One of the features people tend to love or hate (or simply accept) about writing PHP scripts is how you can mix general constructs of the language – such as conditions – with functions outside of any type of class, namespace, or container.
That is, you can write conditional logic that exists within the global namespace right alongside functions that aren’t part of anything other than the global namespace, as well. This can make for difficult code to maintain.
But the point of this post isn’t to complain – for what it’s worth, I see it as the nature of the language, accept it for what it is, try to avoid it, and work with it whenever something comes across my desk. I’m far less dogmatic about that kind of stuff than I used to be when I first started working as a developer, but I digress.
Anyway, this post is tagged as “WordPress” which doesn’t make a lot of sense, however the purpose of doing so is because I was recently working on an older WordPress-based site that was using Ajax, it wasn’t doing so using the built-in API, and it was basically using Ajax to call a vanilla PHP script.
As such, I thought I’d write a bit about as how it’s still possible to refactor code like this so it’s a little more maintainable even if it’s using a style of coding with which we don’t necessarily like to use.
WordPress, Ajax, and PHP Scripts
I wrote about Ajax in WordPress a few posts ago (and I’ve some other articles about it scheduled for the future) so this seemed like a good time to talk about the nature of working with Ajax in the context of a legacy application.
For the purposes of this example (and the examples in the rest of the post), I’m going to leave out some of the details of the script itself because it doesn’t add anything of value to what I’m trying to show in this post.
Instead, take a look at the constructs that are provided and read the comments and you’ll have all you need to know in order to see how the script was initially structured.
The point of the script was as follows:
- Take input from a form from the user
- Send it to the server-side script
- Have the server-side send the information (serialized as JSON) to another API
- Grab the response
- Send the response back to the browser
It’s a pretty common setup for an Ajax request and a third-party service, right? Remember, though, this wasn’t setup using WordPress’ Ajax API. This means the script looked something like this:
This should be easy enough to follow given the comments, but the main takeaway from this particular script is there’s no real use of hooks, functions, or other code like you may be use to seeing in the work you do or have done over the past few years.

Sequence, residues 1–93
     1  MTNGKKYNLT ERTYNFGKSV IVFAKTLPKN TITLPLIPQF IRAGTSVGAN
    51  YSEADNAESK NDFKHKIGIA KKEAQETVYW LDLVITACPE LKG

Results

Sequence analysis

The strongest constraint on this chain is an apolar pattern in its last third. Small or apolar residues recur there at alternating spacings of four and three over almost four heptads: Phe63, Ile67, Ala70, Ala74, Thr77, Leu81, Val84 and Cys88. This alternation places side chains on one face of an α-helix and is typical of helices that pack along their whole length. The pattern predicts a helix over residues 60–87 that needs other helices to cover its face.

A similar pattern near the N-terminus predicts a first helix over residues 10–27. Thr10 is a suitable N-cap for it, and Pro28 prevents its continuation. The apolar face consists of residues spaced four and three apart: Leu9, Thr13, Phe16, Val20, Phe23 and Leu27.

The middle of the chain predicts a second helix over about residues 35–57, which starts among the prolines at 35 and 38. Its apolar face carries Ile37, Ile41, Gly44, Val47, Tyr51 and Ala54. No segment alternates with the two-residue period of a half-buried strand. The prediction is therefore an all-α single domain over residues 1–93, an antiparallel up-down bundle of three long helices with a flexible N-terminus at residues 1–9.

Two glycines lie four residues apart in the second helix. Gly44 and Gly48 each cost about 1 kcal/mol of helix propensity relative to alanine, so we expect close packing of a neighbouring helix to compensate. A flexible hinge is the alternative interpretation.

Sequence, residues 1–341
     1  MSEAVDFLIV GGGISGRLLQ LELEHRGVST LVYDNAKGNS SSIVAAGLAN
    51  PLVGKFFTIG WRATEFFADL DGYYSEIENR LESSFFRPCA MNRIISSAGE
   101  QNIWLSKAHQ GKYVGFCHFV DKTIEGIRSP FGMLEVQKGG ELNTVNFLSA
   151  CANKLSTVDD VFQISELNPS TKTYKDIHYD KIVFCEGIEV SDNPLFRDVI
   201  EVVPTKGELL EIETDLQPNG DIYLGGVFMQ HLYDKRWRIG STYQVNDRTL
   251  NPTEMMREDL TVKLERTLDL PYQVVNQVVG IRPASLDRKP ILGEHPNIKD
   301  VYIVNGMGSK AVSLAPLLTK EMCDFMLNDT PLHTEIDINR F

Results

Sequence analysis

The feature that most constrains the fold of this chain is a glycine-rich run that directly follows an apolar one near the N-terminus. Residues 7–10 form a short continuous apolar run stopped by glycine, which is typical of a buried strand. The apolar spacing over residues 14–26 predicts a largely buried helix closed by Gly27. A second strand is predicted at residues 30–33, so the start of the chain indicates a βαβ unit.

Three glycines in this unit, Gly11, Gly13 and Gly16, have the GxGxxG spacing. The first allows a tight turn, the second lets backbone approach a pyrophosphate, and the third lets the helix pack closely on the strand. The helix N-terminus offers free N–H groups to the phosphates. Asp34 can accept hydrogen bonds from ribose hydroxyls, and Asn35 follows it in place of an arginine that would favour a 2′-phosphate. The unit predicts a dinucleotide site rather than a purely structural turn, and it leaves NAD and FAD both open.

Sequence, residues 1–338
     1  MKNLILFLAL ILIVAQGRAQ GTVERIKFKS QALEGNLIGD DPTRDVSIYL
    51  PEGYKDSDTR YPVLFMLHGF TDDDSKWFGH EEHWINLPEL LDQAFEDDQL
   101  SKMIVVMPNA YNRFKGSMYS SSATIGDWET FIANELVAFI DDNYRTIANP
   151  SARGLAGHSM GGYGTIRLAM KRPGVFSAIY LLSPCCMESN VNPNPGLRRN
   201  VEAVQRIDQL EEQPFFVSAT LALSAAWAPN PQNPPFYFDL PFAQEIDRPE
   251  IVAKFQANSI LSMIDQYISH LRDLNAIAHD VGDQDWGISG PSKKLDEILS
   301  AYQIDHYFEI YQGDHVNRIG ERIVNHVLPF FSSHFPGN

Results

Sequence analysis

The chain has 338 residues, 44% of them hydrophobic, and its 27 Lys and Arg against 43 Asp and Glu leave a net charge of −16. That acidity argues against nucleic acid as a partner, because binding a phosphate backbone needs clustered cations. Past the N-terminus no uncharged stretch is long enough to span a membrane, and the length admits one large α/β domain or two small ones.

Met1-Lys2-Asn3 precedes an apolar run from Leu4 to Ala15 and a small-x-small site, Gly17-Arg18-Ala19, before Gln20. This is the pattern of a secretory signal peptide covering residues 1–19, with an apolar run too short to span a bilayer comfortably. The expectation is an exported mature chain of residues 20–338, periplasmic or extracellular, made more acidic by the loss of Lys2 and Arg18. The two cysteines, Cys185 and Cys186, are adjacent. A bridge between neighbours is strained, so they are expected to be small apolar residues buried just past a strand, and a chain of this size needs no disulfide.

Instead, you see a basic PHP script that runs from begin to end and the calls
die; at the end after sending a statement back to the caller.
It works, but it can also be refactored for a bit of readability.
Refactoring The Code
I’ll talk a little bit more about the nature of why I only go so far when refactoring this kind of code later in the post, but in handling the code above, I took some of the conditional logic, wrapped it in a few functions, and then updated the conditional so it was a little easier to read:
Is this the type of code I’m the most proud of writing? Not really, but the next time I revisit it, it will be easier to read and to manage and it will begin to get in better shape over time as small things like this begin to add up.
There’s Always More To Do
Like I said, the refactoring you see above isn’t great, but when you’re working on a legacy application and you have a deadline you’re working against, you have to be pragmatic about the decisions you make.
Sure, it’s completely possible to re-write the entire Ajax process so it properly uses the WordPress API, but if there’s not time to do it, then you have to do the next best thing: Make whatever improvements you can given the time you have, and move on to the next task.
For some, this is really easy to do; for others, it’s tough, but it is the nature of the business. Years ago, I read a quote by Martin Fowler I really liked:
You want to leave the code better than you found it, but it can also wait for another visit to make it the way you’d really like to see it.
And it’s served as my rule of thumb when dealing with situations exactly like this.